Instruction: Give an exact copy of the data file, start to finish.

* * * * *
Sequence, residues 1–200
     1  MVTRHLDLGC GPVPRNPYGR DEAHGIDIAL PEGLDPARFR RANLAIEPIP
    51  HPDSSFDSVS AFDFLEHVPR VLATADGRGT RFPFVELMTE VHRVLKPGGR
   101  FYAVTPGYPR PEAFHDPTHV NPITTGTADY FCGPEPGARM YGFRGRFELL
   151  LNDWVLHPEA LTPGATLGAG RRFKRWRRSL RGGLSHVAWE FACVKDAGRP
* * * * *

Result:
Sequence, residues 1–200
     1  MVTRHLDLGC GPVPRNPYGR DEAHGIDIAL PEGLDPARFR RANLAIEPIP
    51  HPDSSFDSVS AFDFLEHVPR VLATADGRGT RFPFVELMTE VHRVLKPGGR
   101  FYAVTPGYPR PEAFHDPTHV NPITTGTADY FCGPEPGARM YGFRGRFELL
   151  LNDWVLHPEA LTPGATLGAG RRFKRWRRSL RGGLSHVAWE FACVKDAGRP